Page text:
At this time of waiting, you are not alone in thinking one of the most frequently asked questions: ‘Am I pregnant?’
Can we answer this? What’s going on? How do you feel?
Absence of menstrual period
At the end of week 2 after conception, the first firm indication that you are pregnant will be when your period doesn’t arrive. This is due to the high levels of progesterone and oestrogen continuing to circulate in your body due to being pregnant.
If you were planning to have a baby, hopefully you will have:
- Thought ahead,
- Cut out alcohol and smoking,
- Considered a health-friendly diet,
- Started daily folic acid –
Before trying to become pregnant. If this pregnancy is a surprise for you, then – it’s never too late. You and your baby will benefit so much.
Early breast changes
Some women feel a difference in their breasts even before the first missed period. All breast changes in pregnancy are due to increased hormonal activity in the body. Oestrogen develops the duct system of the breasts and progesterone increases the glandular tissue. The breasts start enlarging early in pregnancy because of the increased tissue growth and blood supply. The increase in size is one of the first things you notice and also a prickling tingling feeling due to the hormonal changes. Your breasts might also feel quite tender. This is quite similar to the fullness and tenderness many women feel in their breasts before a period. The difference is that when or just before a period comes, the tenderness goes as the hormone levels fall. When you are pregnant, the breast changes continue.
Although some women don’t feel sick this early in pregnancy, it does sometimes happen and should be acknowledged. This is another early sign of pregnancy. A related sign is the thought or taste of certain foods or drinks. For instance, some women go off coffee before they know that they are pregnant, even though they have been coffee drinkers all their lives. Could Nature be telling us something? More about sickness – morning or any time – next week, in the meantime if you have extreme morning sickness or are worried speak to one of our experts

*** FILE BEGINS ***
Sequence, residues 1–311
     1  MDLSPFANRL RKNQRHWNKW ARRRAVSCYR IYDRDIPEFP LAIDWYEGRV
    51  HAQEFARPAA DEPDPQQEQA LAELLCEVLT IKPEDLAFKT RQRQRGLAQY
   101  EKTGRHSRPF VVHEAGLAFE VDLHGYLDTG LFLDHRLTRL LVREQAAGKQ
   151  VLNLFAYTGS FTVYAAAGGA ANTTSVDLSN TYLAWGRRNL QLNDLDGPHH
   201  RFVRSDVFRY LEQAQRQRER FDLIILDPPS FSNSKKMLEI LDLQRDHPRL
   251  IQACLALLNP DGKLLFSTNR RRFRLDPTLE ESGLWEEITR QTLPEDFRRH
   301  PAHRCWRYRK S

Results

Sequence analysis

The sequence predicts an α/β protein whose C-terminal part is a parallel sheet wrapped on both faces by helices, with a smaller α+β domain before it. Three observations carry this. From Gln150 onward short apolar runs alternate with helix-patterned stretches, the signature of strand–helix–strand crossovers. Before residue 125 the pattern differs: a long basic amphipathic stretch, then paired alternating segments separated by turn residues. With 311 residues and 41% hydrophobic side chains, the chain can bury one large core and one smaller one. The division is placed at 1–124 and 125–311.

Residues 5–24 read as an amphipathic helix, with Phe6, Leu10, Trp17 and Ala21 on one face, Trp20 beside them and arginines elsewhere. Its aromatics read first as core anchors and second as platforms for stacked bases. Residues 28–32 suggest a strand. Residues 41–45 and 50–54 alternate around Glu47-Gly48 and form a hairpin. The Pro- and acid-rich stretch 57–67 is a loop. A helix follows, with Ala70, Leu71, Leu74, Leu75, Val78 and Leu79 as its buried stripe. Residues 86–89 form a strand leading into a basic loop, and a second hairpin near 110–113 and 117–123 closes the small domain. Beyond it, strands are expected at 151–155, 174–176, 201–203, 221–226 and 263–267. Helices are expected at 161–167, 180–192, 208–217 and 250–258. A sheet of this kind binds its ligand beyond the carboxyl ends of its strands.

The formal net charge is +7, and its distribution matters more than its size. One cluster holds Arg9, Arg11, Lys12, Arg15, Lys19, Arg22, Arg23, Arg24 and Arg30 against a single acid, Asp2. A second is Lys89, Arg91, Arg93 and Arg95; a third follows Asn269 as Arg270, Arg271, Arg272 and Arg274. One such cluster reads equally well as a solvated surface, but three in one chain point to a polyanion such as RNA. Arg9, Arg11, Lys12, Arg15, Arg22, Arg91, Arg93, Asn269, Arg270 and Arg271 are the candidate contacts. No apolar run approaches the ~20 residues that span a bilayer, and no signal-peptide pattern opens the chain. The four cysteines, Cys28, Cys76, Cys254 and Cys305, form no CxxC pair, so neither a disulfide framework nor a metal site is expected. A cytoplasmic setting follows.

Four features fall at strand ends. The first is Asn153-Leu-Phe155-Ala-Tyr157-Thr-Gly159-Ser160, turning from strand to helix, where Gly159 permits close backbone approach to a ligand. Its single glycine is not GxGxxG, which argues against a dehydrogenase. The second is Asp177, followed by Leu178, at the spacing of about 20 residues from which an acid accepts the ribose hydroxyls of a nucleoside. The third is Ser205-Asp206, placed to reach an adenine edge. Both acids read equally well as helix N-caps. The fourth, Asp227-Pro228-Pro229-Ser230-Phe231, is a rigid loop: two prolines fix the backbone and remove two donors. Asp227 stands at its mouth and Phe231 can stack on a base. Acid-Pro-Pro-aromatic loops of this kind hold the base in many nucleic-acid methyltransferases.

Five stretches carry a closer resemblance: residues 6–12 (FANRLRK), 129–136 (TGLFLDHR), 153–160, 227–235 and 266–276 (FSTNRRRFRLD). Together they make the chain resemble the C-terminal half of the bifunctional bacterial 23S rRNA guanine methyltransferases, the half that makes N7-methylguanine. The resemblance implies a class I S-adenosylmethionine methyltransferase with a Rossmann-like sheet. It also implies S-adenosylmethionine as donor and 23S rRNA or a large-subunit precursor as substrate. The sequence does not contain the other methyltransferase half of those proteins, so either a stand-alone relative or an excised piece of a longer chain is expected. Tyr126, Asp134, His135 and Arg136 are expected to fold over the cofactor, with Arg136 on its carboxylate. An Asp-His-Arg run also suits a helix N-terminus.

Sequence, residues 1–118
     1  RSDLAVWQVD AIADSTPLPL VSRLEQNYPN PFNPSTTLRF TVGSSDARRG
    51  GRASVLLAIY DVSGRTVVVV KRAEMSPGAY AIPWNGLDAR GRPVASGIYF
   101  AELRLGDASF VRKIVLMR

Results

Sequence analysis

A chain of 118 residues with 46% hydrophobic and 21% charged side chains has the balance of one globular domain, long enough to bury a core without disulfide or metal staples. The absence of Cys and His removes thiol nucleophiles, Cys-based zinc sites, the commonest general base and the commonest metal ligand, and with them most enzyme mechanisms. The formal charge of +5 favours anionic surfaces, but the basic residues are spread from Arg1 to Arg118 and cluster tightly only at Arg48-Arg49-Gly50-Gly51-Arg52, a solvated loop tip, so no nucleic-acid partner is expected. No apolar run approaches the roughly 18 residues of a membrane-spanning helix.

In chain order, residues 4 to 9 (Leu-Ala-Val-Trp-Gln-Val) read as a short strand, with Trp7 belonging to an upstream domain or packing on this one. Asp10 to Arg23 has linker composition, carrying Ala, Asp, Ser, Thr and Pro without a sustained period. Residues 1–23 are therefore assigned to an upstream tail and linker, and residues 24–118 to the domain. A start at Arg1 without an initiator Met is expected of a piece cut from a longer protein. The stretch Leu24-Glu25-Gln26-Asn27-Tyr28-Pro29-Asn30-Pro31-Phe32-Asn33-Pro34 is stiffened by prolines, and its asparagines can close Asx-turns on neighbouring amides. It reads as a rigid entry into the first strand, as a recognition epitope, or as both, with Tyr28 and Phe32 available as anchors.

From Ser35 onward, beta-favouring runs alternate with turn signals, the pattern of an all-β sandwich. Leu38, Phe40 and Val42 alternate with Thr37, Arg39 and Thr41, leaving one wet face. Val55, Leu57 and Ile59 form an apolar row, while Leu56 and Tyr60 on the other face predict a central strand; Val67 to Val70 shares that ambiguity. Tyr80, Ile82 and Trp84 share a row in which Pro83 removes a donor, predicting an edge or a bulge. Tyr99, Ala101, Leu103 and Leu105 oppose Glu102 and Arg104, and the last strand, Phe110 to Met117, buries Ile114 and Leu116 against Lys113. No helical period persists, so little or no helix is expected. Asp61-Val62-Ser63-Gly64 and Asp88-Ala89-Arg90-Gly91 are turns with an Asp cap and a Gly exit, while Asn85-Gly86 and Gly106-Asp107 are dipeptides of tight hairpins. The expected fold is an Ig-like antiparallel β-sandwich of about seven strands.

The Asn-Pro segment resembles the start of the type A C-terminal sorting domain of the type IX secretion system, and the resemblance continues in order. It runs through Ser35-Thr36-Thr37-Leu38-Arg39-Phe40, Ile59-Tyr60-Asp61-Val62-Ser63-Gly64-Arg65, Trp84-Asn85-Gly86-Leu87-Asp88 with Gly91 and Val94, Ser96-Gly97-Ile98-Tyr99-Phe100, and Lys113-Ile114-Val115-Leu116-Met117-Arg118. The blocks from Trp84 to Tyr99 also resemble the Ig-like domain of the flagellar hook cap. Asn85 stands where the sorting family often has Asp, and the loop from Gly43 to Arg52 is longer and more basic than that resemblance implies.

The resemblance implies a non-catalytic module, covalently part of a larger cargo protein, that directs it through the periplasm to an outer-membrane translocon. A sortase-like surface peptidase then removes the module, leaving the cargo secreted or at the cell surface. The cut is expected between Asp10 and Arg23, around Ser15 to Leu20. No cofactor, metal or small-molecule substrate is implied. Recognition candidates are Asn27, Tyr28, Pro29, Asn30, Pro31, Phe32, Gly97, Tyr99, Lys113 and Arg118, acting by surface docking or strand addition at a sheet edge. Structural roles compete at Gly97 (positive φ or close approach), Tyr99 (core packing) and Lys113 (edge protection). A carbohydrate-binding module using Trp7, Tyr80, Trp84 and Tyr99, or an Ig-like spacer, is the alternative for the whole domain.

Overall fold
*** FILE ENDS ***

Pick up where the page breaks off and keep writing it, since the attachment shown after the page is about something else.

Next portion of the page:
This is another common symptom which sometimes occurs very early. Tips to avoid this:
- Get up slowly from lying down.
- If you feel faint while standing, find a seat.
- Don’t stand for too long.
- Lie down on your side if that helps.
What about a pregnancy test?
Most women who think they may be pregnant want to know for sure as soon as possible. Nowadays you can find out for yourself at an early stage by buying a home pregnancy testing kit from your pharmacist. Although some pharmacists will do the test for you there and then, it is more likely that you will want to take the testing kit away to the privacy of your own home.
When you are pregnant, the hormone, Human Chorionic Gonadotrophin (HCG) is present in body fluids like blood or urine. Pregnancy tests depend on the presence or absence of HCG. The pregnancy test you buy at the pharmacist is performed on urine. The levels of HCG start to rise sharply when fertilisation occurs – about two weeks before your first missed period – and reach a peak at around ten weeks. Some of the tests are very sensitive, picking up HCG even before the first missed period but may not be so accurate this early. However, most women who think they may be pregnant do the test when they have missed a period.
The instructions are quite straightforward. Usually it takes about 5 minutes to see a result. Different brands display results (positive or negative) differently. Some show two lines for a positive result and one for negative. But others may change the colour of the urine in the sample, or vary the colour of lines on the tester, show a plus or minus sign, or even say in a window, ‘pregnant’ or ‘not pregnant’. Whatever the test does, it’s a long five minutes. Results are 97% accurate.
Some women just ‘know’ they are pregnant.
This is a very important point and should be taken seriously.
How is your baby getting on at this point?
In week one we looked at the development of the newly fertilised ovum which becomes known as the zygote and, as it develops through the beginning of week two, becomes the embryo. It’s now safely embedded in the wall of the uterus and is still developing in a most complex way as the cells divide, and begin to differentiate between the systems they are going to represent.
Watch for the beginning of week three for some more action. Until then enjoy your pregnancy!